Flight Blender is two things:
- a flight feed aggregator that has different modules that can process and relay data around flights and airspace: geo-fence, flight declarations, air-traffic data
- an open source Remote ID “display provider” compatible with ASTM Remote ID standard
There are different modules that enable this:
- Flight Tracking: It takes in flight tracking feeds from various sources e.g. ADS-B, live telemetry, Broadcast Remote ID and others and outputs as a single fused JSON feed and submits it to a Display Application e.g. Flight Spotlight to be shown in real-time on a display
- Geofence: A Geofence can be submitted into Flight Blender and consequently transmitted to Spotlight
- Flight Declaration: Future flights up-to 24 hours can be submitted, this does not use the USS <-> USS API but is a standalone component, for supported DSS commands see below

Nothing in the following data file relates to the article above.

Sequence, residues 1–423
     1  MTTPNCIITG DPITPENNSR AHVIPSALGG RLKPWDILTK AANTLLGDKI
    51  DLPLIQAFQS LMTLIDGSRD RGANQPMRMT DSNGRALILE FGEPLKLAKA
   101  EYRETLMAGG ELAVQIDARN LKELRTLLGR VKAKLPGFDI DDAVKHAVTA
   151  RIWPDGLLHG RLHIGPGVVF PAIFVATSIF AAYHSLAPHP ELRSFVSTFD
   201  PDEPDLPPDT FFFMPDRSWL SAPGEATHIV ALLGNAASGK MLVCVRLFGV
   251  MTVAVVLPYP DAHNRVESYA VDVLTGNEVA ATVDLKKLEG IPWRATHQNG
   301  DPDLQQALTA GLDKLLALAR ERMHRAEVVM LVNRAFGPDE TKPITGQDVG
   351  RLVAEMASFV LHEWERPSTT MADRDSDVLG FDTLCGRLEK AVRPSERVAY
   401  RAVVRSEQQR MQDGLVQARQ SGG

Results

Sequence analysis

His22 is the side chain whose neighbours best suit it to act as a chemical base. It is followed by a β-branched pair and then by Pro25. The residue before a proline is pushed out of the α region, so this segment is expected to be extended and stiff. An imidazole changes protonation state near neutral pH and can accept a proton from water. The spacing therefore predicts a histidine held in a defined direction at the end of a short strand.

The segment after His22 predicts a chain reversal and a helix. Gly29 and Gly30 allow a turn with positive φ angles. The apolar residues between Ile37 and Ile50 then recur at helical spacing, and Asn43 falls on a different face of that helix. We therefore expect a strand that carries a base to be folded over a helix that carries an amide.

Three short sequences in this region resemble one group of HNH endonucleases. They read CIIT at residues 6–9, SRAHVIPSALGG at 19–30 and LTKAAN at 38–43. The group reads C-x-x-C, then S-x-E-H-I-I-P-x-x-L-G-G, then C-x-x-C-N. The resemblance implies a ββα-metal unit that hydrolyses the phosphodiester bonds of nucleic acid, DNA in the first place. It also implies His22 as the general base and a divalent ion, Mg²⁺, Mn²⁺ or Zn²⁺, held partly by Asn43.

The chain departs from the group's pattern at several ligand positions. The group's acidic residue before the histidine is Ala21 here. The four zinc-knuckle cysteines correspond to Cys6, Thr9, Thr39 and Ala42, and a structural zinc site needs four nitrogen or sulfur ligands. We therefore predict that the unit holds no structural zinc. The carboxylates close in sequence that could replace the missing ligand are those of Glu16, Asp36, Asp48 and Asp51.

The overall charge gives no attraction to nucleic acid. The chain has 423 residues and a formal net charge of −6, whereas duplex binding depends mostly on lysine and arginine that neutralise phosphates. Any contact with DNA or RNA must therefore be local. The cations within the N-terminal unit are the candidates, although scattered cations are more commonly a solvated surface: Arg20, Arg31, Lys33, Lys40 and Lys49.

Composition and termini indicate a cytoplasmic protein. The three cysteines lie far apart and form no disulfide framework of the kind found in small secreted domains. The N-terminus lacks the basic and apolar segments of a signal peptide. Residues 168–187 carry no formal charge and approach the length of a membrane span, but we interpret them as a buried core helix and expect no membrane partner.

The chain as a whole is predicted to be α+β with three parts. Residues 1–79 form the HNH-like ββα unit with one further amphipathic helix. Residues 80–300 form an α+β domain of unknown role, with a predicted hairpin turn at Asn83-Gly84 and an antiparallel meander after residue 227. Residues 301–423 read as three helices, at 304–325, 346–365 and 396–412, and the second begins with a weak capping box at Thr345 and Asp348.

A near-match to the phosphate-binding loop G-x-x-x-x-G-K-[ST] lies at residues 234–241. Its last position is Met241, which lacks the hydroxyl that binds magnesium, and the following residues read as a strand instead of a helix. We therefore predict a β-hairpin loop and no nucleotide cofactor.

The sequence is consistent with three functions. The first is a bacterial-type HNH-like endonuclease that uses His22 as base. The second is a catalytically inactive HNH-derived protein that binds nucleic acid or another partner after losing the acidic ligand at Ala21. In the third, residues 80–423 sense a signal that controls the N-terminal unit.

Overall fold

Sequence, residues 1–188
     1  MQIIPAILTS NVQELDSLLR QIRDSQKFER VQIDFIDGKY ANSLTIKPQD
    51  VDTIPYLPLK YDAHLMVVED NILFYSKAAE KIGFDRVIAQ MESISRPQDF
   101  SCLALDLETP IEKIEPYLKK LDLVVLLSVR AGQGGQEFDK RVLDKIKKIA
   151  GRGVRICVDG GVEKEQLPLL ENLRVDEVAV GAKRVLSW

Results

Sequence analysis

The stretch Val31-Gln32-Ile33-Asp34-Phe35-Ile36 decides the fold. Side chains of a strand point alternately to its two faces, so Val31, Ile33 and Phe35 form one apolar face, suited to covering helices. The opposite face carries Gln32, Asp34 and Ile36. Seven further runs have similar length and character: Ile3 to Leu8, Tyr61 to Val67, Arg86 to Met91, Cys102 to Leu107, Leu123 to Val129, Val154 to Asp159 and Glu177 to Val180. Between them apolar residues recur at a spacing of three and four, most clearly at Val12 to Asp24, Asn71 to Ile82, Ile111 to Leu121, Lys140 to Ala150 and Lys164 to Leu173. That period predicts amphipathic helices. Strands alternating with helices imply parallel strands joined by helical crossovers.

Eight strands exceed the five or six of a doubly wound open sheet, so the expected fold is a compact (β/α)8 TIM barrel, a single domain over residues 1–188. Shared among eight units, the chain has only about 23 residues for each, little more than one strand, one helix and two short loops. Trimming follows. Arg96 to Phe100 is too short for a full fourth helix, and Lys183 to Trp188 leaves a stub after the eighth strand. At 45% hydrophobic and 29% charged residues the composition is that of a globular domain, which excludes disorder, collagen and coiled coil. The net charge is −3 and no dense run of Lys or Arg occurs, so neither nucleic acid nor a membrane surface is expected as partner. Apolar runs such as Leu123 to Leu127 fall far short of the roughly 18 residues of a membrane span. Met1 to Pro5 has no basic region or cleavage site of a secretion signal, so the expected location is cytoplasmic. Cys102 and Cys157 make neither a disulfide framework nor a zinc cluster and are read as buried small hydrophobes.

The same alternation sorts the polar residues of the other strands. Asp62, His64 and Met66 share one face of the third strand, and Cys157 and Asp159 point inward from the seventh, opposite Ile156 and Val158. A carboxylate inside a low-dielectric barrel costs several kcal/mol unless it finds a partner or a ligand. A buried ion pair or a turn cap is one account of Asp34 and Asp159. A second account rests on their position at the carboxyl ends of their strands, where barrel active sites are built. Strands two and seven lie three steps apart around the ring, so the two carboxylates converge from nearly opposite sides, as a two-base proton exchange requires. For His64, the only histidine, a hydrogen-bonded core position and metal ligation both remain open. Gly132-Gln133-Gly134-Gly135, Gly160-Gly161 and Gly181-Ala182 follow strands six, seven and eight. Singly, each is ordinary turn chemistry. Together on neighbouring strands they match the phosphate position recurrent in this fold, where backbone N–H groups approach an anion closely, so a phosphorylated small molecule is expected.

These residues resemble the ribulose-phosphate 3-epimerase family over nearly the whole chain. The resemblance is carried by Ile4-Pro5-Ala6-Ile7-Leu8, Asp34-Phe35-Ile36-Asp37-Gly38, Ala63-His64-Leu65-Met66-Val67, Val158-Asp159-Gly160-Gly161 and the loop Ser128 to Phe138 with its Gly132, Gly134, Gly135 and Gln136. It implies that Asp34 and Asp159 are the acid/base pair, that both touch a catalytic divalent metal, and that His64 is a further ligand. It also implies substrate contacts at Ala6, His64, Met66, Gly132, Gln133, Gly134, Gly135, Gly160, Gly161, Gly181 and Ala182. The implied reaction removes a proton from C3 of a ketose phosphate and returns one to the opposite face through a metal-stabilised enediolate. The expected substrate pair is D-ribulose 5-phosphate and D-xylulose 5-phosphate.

- DSS Connectivity: There are modules to connect and read for e.g. Remote ID data from a DSS
First steps / Get Started
Normally a “Display Provider” is used in conjunction with a “Display Application”. In this case Flight Blender output is directed to a Flight Spotlight instance. You can customize a application instance by choosing what kind of modules you want to support, you can pick any or all from the above.
The diagram below shows how Fight Blender works.
Docker and Docker Compose files are available for this software. You can first clone this repository using
git clone https://www.github.com/openskies-sh/flight-blender.git and then go to the directory and use
docker-compose up command.
This will open up port 8080 and you can post air-traffic data to
http://localhost:8080/set_air_traffic and then start the processing.
Submitting AOI, Flight Declarations and Geofence data
Take a look at sample data below to see the kind of data that can be submitted in Flight Blender
Blender Vectors by Vecteezy